Saturday, September 3, 2011

10 Most Anticipated Canadian Films of the Fall


A Dangerous Method


Although I'm not a fan of biopic, I'm a little bit fascinated by how Sigmund Freud developed his own brand of psychology. Besides, any film directed by David Cronenberg, one of Canada's finest, is an event. Add to this the wonderful cast made of Viggo Mortensen, Michael Fassbender and Keira Knightley. Date of release: December 23.



Monsieur Lazhar


This film won't be a box-office success in Quebec because it features a foreign actor (French comedian Fellag) and a character who's supposed to be an immigrant. Yes, many Quebeckers are that close-minded. However, once in  a while, it's a blessing to see that some Quebecker directors - in this case Philippe Falardeau - try to talk about immigration in films. Date of release: October 28.





Roméo Onze


Well, we've been hearing about this film during the summer and this might be the best film ever made by a Quebecker from ethnic minorities. If this is true, Ali Lammar could be the first non-professional actor nominated for a Jutra Award in years. By the way, since the films follow a person of Lebanese heritage, you can be sure that Roméo Onze was filmed not too far from where I live. Date of release: TBA.





Snow and Ashes


Before he directed a turd like the dance flick Sur le rythme, Charles-Olivier Michaud toured many film festivals with Snow and Ashes. Release date: September 9.




Take this Waltz


Sarah Polley's second film as a director is definitely not to miss. With her first film, Away from Her, she sure showed way more potential than Xavier Dolan, because she knows how to write a script. Besides, this will be an occasion to see Seth Rogen play a more serious role and also his first Canadian film. Date of release: TBA.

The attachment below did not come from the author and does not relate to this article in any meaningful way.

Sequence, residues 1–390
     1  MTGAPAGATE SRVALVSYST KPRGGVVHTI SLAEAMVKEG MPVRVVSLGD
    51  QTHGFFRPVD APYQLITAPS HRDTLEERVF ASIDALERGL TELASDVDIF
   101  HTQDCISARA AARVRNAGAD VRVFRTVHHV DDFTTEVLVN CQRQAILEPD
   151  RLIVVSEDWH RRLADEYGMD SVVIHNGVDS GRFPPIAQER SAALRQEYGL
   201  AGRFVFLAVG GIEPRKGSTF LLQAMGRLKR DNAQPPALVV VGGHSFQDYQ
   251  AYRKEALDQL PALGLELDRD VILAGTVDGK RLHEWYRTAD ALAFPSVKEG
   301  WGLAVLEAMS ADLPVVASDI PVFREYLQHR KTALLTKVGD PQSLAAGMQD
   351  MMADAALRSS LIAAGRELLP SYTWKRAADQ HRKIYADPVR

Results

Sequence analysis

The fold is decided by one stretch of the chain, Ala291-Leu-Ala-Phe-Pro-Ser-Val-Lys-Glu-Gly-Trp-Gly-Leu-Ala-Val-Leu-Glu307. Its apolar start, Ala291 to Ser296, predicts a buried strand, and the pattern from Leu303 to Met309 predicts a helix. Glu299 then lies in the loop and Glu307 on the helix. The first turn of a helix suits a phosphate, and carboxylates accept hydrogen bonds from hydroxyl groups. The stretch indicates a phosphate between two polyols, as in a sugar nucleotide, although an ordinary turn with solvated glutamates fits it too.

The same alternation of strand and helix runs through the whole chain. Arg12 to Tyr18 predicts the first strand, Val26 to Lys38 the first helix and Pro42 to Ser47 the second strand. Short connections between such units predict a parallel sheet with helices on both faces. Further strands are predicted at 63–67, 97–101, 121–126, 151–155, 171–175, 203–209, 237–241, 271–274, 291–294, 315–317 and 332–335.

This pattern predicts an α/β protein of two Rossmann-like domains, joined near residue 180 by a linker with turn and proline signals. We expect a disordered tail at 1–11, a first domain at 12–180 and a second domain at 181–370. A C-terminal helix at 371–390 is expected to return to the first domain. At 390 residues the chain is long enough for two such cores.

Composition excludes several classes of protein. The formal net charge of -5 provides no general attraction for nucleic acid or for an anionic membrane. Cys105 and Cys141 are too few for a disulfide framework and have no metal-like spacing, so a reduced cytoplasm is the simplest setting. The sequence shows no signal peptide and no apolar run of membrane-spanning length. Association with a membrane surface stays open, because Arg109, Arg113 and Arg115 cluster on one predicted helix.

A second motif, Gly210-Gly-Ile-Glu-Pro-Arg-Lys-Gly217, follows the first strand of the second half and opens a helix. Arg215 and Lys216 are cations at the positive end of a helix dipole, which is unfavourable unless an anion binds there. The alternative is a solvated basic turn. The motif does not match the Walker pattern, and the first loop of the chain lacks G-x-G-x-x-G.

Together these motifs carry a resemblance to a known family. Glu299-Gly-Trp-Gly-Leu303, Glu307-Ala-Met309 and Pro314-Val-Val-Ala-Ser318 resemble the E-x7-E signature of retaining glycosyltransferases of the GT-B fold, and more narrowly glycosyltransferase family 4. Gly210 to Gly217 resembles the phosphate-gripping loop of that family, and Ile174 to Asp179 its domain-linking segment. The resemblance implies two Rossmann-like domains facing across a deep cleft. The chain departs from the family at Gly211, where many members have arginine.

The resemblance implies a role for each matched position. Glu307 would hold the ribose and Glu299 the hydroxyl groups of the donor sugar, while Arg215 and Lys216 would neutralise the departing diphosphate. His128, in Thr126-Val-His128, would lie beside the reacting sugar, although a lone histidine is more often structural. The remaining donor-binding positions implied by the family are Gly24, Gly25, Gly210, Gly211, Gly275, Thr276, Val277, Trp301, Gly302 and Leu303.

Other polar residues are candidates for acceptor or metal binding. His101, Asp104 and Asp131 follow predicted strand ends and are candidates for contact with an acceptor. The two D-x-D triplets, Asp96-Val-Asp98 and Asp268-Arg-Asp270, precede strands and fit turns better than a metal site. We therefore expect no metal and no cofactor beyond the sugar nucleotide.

Le bonheur des autres

Although he's a comedian by trade, Michel Barrette always found a way to be taken seriously when he's handling a dramatic role. Besides, he's surrounded by a magnificent supporting cast: Marc-André Grondin, Julie LeBreton, Louise Portal and Germain Houde. You sure got a perfect cast! Date of release: October 7


Café de Flore

After the commercial and critical success of C.R.A.Z.Y., will Jean-Marc Vallée be able to repeat the same success with Café de Flore? Let's hope he will. Date of release: September 23.


Breakaway

This isn't destined to be a masterpiece by any stretch of the imagination. However, once in a while, ethnic minorities have the right to laugh at themselves, don't they? Date of release: September 30.


Laurentie

This is most definitely a film I anticipate a lot, because it tackles one touchy subject: the obvious racism between virtually every ethnic groups in Montreal that is not seen through violent tensions, but rather their refusal to talk to each others. Date of release: TBA.


Afghan Luke

You thought Americans were too quick to talk about the Vietnam War with films such as The Deer Hunter and Apocalypse Now? Well, we Canadians are talking about our war in Afghanistan nine years after our country sent our army there. Besides, has Canada finally learn how to make action films with lesser budgets compared to Hollywood films? We'll see. Date of release: TBA.

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